Artist Matthew Nevin writes for Culture about a fascinating new globe-spanning art project.
As an artist, curator and co director of MART I have always had an interest in international relations, politics and global issues. Back in 2010, this led me to devise The Core Project, an ongoing, multifaceted, visual art project. I have sought out one person from each sovereign state in the world and asked them to film themselves answering a question that they have not previously seen: What is going to happen next?
By withholding the question until they record, I removed the participant’s ability to prepare, producing a series of natural and behavioural nuances within an international cultural context.
After seven years, I am delighted to see the project come to a physical form in a large installation, to be opened in Dublin's Rua Red Gallery this month. At a time where many states feel isolated, forgotten and troubled, it’s important to bring unity to our eclectic collection of cultures. With 144 videos projection mapped onto a massive construction of small white cubes, the structure will provide an impressive experience for the audience to engage with the international participants and hear their opinions, thoughts and feelings on What is going to happen next, both personally, locally and internationally.
The Core Project is as much about the participant’s verbal response as it is their attitude towards the unknown. A primary aim of the project is to engage citizens of the world in a global cultural experiment that serves to highlight the diversity and complexity of people, opening a door to individuals from all corners of the earth. Through this inclusive project, I wish to break down barriers on how Art can be perceived, created and viewed, with an aim to engage, unite, and create a spark in people’s lives.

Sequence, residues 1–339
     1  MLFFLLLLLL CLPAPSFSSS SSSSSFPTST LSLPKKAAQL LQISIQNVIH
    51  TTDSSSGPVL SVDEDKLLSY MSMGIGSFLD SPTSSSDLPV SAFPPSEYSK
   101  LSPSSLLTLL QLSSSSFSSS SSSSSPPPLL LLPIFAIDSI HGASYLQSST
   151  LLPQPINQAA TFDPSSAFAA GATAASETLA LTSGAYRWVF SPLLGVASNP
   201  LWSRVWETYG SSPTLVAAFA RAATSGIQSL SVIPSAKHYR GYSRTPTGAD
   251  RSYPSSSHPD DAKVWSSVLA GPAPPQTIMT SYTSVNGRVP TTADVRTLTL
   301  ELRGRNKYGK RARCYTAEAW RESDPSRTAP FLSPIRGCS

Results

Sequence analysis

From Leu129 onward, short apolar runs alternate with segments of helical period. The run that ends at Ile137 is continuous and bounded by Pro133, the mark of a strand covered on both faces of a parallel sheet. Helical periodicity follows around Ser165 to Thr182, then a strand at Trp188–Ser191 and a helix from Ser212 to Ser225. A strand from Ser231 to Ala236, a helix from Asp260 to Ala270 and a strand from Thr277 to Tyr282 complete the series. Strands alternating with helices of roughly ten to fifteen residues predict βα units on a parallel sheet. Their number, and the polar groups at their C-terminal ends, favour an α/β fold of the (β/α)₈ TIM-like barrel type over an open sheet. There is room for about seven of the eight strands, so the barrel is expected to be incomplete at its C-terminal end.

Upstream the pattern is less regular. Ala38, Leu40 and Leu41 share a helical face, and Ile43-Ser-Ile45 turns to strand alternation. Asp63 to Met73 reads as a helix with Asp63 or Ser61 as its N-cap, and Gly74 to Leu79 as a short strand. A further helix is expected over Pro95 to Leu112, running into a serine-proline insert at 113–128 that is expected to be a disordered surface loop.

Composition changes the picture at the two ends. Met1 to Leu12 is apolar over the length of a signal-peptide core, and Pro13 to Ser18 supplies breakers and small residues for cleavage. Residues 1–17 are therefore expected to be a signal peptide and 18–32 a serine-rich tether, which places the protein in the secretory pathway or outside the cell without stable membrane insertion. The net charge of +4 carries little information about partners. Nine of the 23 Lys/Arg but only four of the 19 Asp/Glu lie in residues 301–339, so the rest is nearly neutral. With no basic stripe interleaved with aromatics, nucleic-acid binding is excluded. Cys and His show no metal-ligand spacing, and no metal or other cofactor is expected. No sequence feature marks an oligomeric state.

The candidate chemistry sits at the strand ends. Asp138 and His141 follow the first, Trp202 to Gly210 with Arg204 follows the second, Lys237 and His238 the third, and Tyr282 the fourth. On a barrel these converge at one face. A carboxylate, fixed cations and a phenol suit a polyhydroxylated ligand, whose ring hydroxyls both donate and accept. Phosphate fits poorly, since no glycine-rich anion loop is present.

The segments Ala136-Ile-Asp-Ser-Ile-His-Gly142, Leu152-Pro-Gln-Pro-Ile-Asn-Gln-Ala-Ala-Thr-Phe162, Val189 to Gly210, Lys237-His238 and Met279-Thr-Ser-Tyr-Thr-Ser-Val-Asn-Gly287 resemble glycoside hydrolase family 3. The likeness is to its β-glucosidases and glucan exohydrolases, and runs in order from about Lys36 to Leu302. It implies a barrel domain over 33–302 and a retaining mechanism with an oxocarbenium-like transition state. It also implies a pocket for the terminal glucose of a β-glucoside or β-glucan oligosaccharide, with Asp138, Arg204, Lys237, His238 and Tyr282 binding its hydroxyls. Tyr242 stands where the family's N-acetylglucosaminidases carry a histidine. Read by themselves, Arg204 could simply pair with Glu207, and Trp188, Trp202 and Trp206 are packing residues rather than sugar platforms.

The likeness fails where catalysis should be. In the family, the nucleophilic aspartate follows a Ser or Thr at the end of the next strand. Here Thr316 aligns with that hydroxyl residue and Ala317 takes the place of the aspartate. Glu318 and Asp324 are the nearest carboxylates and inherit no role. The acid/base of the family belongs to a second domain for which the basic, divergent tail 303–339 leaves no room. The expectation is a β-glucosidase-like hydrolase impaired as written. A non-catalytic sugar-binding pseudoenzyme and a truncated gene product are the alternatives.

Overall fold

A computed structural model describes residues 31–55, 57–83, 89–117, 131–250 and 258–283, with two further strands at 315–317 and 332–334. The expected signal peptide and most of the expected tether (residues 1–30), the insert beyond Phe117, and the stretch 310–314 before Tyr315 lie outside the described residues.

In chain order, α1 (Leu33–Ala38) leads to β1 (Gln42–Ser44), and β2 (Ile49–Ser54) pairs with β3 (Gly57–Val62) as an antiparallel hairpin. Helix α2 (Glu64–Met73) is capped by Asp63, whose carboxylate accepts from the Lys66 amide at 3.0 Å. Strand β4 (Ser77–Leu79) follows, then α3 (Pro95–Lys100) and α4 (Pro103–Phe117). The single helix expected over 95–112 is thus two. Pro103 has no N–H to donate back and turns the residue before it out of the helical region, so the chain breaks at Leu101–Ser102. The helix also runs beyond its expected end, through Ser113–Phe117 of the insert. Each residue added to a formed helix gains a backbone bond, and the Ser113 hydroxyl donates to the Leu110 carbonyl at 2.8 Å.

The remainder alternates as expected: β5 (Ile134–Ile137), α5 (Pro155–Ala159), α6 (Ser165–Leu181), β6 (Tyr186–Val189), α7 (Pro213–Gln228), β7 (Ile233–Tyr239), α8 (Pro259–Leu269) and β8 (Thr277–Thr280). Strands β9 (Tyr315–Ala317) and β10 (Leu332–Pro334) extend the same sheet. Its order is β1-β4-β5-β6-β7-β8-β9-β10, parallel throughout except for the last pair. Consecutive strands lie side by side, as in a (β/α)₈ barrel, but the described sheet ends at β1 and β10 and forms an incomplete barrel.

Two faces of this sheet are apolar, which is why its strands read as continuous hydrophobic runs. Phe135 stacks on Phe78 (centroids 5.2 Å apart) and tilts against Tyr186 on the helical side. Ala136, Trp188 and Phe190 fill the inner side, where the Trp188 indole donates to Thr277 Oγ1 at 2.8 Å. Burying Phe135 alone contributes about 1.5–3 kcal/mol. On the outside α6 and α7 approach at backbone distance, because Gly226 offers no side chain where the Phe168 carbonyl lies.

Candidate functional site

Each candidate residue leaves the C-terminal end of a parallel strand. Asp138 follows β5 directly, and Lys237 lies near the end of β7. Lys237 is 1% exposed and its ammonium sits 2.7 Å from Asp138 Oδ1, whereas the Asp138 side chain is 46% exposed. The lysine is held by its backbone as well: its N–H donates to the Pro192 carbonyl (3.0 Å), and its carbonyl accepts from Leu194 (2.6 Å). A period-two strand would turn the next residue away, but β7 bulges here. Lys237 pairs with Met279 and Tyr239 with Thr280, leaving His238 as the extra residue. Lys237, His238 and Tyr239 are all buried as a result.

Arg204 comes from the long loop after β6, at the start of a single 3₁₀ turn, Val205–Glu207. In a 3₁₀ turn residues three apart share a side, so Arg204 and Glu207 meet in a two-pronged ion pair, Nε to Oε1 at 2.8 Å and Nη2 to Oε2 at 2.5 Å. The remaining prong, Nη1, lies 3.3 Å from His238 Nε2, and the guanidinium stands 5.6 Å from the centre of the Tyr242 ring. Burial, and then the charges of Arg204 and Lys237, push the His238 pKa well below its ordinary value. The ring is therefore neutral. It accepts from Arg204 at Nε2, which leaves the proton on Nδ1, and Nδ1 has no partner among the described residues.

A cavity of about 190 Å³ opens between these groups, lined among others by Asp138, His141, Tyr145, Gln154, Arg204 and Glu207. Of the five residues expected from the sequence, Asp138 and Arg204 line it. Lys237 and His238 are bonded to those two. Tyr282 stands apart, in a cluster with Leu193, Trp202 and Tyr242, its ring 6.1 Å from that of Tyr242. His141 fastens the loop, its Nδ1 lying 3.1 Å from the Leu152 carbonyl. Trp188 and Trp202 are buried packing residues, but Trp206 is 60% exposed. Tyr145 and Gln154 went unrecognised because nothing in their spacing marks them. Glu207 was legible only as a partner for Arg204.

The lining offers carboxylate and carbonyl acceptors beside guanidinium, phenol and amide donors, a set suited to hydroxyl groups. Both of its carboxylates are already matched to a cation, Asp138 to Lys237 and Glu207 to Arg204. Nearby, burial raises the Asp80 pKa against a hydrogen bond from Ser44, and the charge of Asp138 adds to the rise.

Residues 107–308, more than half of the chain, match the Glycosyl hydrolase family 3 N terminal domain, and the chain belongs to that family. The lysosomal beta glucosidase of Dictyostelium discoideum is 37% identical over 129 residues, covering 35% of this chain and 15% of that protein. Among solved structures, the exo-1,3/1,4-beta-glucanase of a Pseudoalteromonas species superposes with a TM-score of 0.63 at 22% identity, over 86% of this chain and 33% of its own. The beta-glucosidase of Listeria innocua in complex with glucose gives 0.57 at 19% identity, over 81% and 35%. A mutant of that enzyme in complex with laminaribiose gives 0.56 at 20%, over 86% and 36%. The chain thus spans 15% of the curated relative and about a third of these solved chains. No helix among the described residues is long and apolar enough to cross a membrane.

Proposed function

The project focuses on the accumulation of an ephemeral ‘art public’ by analysing each participant: their process of understanding the question; their choices in visually setting the scene; and their manner and practice in participating in the project.
Acting as both a global online artistic endeavour and an archive of a group of individual real-world responses, the artwork focuses on intervention in, engagement with, and critique of the dominant political and economic order of society. Respondents become the subjects, and even sub-artists in the project, moving away from singular spectatorship.
Through this form of activation and collaboration, The Core Project has become a collective creation process. As technology has enabled the sharing of opinions/thoughts of artists and participants from all over the world, permitting the co-creation of art that exists both virtually, on the project website, and in tangible form – an installation.
By engaging citizens of the world in a global experiment, I am attempting to highlight how diverse and complex every nation on this planet is. The website allows The Core Project to have an open door to viewers from all corners of the earth, and actively give a glimpse into every sovereign state. Furthermore it provides an inclusive opportunity for both artists and spectators to understand the accessibility of a digital public space. Acting as a creative political force, influencing and creating new social responsibilities, contextualized by using connectivity to assert its cause.